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Discussion Starter · #1 ·
Found this interesting article on Porsche's dual clutch transmissions that shows they all use Pentosin FFL series fluid:
http://www.just-auto.com/analysis/zfs-new-...s_id101268.aspx

"In fact, two separate DCT ranges or 'platforms' have been developed by ZF, both fitted with wet clutches, for use in Porsche's various longitudinal applications. The first is for use in the mid- and rear-engine sports cars (the 911, the Cayman and the Boxster), while a completely different platform has been developed for use in the larger Panamera. For each platform, two different torque options are available, with the 500N.m versions using an 'ND2015' clutch pack, and the 780N.m versions using an 'ND2216' clutch pack, both supplied by ZF Sachs......
.....In terms of the oil circuit itself, two completely different approaches have been employed for the two platforms. The 7DT45 and 7DT70 have two oil circuits, and hence two different oils; the first is Pentosin FFL-3 for the clutch and hydraulics, and the second is ExxonMobil Mobilube PTX 75W-90 for the gear-set and bevel gear. The oil levels have been kept as low as possible, to reduce churning losses for those moving parts that are immersed in oil. Conversely, the 7DT75 has a single oil circuit and a dry sump (to minimise churning losses), with an 'active lubrication system' to feed oil to each gear-set and clutch. This version uses only the Pentosin FFL-3 lubricant, which was developed exclusively for the ZF DCTs. One of the main reasons for using a single oil circuit is that clutch cooling is required at both ends of the transmission, for the main dual-clutch module and for the hang-on clutch used in the four-wheel-drive variant. This would have presented significant sealing complications had multiple circuits been chosen."

And this: "All of the 7DT transmissions were developed (and successfully tested) to use a lifetime oil fill, but Porsche decided to err on the side of caution and opted for a 90,000km oil change interval."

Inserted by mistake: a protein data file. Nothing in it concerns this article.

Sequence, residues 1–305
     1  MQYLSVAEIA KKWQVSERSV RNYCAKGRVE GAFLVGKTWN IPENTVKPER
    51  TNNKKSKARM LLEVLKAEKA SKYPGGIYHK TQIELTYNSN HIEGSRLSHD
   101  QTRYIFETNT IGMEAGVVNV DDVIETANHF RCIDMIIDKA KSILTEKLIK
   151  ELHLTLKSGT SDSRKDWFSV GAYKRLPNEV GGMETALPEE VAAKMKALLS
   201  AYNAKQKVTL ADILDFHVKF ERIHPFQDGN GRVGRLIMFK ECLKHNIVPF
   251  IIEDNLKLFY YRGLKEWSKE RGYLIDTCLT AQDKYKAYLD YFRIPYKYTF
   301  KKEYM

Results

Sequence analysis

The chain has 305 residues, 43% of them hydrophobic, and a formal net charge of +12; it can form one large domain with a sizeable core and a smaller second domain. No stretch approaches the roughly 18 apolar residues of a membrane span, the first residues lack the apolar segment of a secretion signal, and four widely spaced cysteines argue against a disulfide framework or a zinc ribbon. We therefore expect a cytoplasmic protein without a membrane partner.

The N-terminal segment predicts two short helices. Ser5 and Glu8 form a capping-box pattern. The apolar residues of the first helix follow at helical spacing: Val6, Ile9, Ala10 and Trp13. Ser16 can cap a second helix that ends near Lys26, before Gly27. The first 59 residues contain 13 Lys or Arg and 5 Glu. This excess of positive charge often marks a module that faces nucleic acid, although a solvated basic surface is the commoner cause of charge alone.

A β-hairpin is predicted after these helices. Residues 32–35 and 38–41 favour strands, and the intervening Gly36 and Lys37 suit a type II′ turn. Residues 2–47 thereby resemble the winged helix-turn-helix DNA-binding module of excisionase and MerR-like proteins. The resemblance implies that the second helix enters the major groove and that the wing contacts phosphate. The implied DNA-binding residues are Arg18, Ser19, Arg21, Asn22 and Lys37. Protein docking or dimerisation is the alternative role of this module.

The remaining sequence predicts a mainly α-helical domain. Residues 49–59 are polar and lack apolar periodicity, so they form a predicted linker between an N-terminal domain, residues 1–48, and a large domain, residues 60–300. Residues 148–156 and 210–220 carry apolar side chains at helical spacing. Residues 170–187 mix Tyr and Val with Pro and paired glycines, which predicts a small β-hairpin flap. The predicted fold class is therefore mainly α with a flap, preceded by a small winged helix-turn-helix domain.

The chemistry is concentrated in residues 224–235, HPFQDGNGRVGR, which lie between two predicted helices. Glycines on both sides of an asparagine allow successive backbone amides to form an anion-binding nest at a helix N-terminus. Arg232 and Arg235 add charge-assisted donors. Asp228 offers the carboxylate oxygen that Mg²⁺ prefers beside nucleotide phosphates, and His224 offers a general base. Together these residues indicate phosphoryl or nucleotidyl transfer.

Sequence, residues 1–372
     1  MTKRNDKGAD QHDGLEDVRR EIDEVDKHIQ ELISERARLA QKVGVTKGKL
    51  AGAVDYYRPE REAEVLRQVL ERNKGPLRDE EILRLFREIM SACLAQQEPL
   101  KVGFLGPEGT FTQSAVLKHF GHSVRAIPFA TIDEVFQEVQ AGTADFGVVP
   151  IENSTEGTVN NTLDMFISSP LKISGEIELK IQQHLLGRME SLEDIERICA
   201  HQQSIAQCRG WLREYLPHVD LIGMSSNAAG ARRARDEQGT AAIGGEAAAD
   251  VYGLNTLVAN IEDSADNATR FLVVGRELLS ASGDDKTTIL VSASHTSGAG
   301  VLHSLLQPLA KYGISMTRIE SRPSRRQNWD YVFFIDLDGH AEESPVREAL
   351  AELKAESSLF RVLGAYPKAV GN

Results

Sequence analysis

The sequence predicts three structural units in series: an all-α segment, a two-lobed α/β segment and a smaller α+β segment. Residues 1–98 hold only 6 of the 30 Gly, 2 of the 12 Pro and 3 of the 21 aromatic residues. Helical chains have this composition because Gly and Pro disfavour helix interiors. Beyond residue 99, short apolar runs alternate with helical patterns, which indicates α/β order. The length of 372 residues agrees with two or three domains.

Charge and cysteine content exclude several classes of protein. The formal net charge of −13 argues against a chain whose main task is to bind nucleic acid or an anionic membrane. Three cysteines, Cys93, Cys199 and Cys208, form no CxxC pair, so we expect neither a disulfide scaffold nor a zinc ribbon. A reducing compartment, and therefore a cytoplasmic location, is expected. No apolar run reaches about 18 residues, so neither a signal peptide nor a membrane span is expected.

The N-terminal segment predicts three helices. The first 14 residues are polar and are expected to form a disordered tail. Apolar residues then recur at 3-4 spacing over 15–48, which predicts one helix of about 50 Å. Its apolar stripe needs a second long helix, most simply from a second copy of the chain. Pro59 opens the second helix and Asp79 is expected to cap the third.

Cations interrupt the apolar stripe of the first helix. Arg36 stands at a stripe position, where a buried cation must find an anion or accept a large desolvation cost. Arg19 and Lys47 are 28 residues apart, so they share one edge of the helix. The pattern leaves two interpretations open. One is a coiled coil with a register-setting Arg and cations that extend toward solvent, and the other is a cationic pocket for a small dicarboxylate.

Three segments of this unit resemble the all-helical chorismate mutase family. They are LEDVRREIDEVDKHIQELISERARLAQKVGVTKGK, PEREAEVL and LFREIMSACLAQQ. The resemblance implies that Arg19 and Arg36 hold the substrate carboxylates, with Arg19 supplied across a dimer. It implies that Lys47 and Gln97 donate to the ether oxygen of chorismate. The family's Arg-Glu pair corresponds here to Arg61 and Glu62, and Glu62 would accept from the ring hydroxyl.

And 780 Nm of torque is 575 ft-lbs. Pentosin is good enough for Porsche as a factory fill, so....
 

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Found this interesting article on Porsche's dual clutch transmissions that shows they all use Pentosin FFL series fluid:
http://www.just-auto.com/analysis/zfs-new-...s_id101268.aspx

<snip>

.....In terms of the oil circuit itself, two completely different approaches have been employed for the two platforms. The 7DT45 and 7DT70 have two oil circuits, and hence two different oils; the first is Pentosin FFL-3 for the clutch and hydraulics, and the second is ExxonMobil Mobilube PTX 75W-90 for the gear-set and bevel gear.

<snip>
There was another blurb in that piece that's interesting...

Conversely, the 7DT75 has a single oil circuit and a dry sump (to minimise churning losses), with an 'active lubrication system' to feed oil to each gear-set and clutch. This version uses only the Pentosin FFL-3 lubricant, which was developed exclusively for the ZF DCTs.


Interesting that they used two oil circuits where the application allowed (the 7DT45/7DT70) but a single oil circuit when crunched by packaging (the 7DT75). Be really interesting to see a cut-away showing the "active lubrication system" on the 7DT75 to compare to the GR6.

Claude, have you seen anything on what's different between FFL3 and FFL4 and why Porsche/ZF didn't just use FFL4 like BMW, etc? Wonder if FFL3 is a better choice for the GR6 than FFL4?